The Movie Club is a weeklong conversation about the year in film. Read all the entries here.
After Stephanie’s John Wick–themed folk ballad (which I’m dearly hoping some musical Slate reader will set to an actual lyre accompaniment and send us the video to embed), I’m wondering if perhaps we should retire not only this year’s edition of Movie Club, but the entire feature. Who else in the Club’s eminent history has rhymed “wicked” with “kickèd,” or turned an ode to a Keanu Reeves action thriller into a piece of impassioned pit bull rescue advocacy?
I’ll resist the urge to stay up all night composing this post in anapestic tetrameter just for the fun of it (though I did once review Robert Zemeckis’ Beowulf in faux Old English verse). In fact, since we’re sadly down to our last round of conversation and there’s still a lot of ground to cover, I’m going to dispense with elegant transitions entirely—I’ll just throw out some titles in the form of a list. May you each pick a movie to serve as your grist.
— Whiplash. In talking about Damien Chazelle’s debut film, I should disclose that I was on the five-person jury that awarded it the best U.S. dramatic feature prize at Sundance. That doesn’t necessarily mean I’m an unreserved partisan, though—jury prizes require consensus, and of the films on our slate, this was the one we agreed, for all its flaws, had the most style and the finest sense of directorial control. Chazelle’s camera moves with such confidence, the story drives forward with such jagged energy, and Miles Teller and J.K. Simmons are so in tune as actors—how can you not enjoy the ride? Yes, the final concert scene is absurd: too long, dramatically incoherent, at times seeming to deliberately parody its own breakneck intensity. And I know many people were put off by the testosterone-driven, homophobic-language-filled tone of the story, in which women exist mainly as symbols of worldly distraction from the religion of jazz. Call me a sucker for movies about unhealthy pedagogical relationships (I’ll watch The Prime of Miss Jean Brodie or The Paper Chase all night long), but I thought Chazelle’s script was actually pretty astute about, and critical of, the sadomasochistic destructiveness of its central masculine dyad. At least until that last scene. Anyway, I can’t wait to see what Chazelle puts his hand to next.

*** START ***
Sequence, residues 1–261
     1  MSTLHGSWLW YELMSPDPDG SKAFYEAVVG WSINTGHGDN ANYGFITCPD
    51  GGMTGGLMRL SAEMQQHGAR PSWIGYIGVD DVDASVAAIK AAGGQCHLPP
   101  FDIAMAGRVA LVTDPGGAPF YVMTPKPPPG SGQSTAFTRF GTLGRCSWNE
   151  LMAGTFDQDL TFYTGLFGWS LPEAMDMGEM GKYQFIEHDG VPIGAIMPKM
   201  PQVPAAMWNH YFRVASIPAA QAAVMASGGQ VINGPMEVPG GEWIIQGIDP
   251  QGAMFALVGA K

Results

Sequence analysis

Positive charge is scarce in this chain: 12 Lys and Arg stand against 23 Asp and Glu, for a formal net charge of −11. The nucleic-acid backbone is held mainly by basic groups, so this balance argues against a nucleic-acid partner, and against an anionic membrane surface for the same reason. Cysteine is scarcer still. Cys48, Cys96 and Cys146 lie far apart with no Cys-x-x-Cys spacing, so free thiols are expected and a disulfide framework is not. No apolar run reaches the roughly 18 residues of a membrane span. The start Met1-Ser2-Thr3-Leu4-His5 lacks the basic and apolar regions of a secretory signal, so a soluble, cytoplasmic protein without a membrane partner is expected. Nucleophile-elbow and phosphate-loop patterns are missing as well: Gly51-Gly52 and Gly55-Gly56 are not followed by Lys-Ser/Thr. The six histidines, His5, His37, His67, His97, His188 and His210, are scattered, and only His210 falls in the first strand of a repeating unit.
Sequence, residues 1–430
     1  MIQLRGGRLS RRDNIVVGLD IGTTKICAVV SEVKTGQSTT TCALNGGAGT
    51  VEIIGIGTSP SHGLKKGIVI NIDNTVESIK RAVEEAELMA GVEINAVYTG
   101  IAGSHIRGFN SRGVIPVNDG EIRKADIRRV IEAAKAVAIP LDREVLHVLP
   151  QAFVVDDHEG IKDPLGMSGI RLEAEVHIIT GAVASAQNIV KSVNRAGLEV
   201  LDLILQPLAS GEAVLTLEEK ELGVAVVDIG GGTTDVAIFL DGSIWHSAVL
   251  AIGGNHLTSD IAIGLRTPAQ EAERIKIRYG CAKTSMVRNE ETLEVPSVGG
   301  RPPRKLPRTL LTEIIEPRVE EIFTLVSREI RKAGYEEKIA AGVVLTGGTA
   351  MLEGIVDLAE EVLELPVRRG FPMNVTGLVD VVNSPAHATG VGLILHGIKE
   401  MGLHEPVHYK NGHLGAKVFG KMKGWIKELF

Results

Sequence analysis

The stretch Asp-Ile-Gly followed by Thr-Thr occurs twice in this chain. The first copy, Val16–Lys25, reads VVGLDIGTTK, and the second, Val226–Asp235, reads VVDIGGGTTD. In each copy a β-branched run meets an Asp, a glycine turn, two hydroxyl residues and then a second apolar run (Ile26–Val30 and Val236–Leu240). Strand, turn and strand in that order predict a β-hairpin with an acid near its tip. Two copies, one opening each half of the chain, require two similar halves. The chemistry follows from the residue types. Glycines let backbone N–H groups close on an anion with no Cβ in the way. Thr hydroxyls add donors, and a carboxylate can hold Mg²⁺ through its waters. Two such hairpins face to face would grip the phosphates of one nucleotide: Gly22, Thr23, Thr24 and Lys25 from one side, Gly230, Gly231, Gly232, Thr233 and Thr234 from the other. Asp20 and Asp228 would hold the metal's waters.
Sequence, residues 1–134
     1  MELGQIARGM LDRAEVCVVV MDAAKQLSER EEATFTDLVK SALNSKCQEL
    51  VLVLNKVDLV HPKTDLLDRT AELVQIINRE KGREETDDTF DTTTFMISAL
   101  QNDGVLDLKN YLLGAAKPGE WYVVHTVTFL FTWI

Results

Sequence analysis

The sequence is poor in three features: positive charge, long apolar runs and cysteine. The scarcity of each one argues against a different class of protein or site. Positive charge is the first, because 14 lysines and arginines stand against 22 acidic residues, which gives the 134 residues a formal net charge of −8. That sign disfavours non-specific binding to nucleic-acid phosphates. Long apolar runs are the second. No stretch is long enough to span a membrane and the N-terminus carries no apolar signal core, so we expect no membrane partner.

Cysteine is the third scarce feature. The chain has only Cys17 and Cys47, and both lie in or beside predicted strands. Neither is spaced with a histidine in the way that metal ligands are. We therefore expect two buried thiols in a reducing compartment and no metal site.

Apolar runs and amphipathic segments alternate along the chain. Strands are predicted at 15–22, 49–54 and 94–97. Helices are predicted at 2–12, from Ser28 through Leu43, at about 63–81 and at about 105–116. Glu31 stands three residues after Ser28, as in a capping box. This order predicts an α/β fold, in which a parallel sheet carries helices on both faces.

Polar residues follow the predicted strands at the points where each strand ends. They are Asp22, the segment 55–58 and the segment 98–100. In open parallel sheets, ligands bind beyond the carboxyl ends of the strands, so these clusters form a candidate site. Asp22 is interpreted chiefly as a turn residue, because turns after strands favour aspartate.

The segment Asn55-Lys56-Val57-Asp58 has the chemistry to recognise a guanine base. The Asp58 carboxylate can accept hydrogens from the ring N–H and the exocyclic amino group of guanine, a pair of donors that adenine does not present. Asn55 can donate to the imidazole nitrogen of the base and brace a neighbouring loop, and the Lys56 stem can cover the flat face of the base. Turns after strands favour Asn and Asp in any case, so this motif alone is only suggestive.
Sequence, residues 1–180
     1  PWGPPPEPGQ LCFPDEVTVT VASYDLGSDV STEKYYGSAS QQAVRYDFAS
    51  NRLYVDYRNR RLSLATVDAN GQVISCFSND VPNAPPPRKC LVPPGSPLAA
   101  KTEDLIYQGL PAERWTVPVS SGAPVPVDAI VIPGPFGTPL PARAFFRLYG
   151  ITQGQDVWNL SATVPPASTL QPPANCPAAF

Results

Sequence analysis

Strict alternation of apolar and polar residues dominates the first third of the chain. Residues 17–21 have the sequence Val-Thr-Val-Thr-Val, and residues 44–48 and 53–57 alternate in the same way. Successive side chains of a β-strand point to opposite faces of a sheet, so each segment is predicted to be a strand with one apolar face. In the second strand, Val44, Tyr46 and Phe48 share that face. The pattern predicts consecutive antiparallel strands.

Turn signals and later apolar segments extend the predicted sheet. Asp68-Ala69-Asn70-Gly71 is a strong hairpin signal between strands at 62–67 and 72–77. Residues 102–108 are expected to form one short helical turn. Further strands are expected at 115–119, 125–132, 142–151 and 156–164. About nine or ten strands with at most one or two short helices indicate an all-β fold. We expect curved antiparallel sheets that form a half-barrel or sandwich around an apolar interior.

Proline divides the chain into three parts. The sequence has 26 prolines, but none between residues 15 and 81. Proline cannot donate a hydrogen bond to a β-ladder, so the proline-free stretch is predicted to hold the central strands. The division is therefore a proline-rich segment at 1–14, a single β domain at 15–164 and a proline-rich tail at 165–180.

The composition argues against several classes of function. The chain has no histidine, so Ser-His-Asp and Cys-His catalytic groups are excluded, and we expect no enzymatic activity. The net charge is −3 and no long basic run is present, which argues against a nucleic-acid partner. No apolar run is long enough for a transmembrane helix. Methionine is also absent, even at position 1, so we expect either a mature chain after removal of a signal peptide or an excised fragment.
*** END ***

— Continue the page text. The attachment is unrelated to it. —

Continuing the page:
— Into the Woods. Stephanie mentioned she craves more movie musicals but can’t abide Stephen Sondheim. As someone relatively unfamiliar with Sondheim’s work, it wasn’t until going back and watching the original Broadway production that I was able to see how beautiful a piece of musical theater the show actually is and how badly Rob Marshall’s glum, murky adaptation botched it, despite a remarkable lineup of fine performances, singing chops and all. Why have so many recent film musicals—Chicago, Marshall’s mysteriously Oscar-winning 2002 adaptation of the hit Broadway show, or Tom Hooper’s to me near-unwatchable Les Misérables in 2012—seemed to have no idea how to stage a production number, either sending the camera up Anne Hathaway’s moist nostrils or editing group dance sequences so choppily the dancers might as well not be in the same room? What is it that ever makes a filmed musical work, anyway?
— Foxcatcher. Here’s a movie that for a moment seemed like a big part of the conversation (you know which conversation I mean; it starts with O, and we’re supposed to be having it right now) and then all but disappeared from the scene. I gave it an admiring if reserved review at the time, but in retrospect I’m not sure if it’s a good movie or just a moody, well-acted and tastefully assembled facsimile of one. Do Steve Carell’s facial prostheses and extreme physical transformation enhance his performance as the cold-fish billionaire John du Pont, or get in the way? Criticism has been leveled at E. Max Frye and Dan Futterman’s script and Bennett Miller’s direction for suggesting that repressed homosexual longing was the prime motive for the film’s central act of violence, when all indications suggest that it was actually paranoid schizophrenia. (For what it’s worth, Mark Schultz himself recently vehemently disavowed, in ALL CAPS no less, the film’s portrait of his relationship with du Pont.) If Foxcatcher did twist the real story significantly for its own dramatic purposes, does it matter? (And does that mattering depend, to any extent, on what those purposes are?)
Amy, it’s your turn to don a blue-and-gold Foxcatcher singlet and wrestle with these and other dilemmas. I will say that Channing Tatum’s backflip from a standing position in that movie was one of the finest out-of-the-blue sight gags of the year (especially in the context of a film generally lacking for yuks). But it was only the third-best Channing Tatum moment of the year, trailing behind the frat-soul-mate encounter Amy cites from 22 Jump Street and, enshrined at No. 1, that hacked Sony email. (Like the man he played, Tatum embraces the power of ALL CAPS.) I truly hope Tatum never accepts a role as a superhero, because he’s perfectly cast as the one he already is.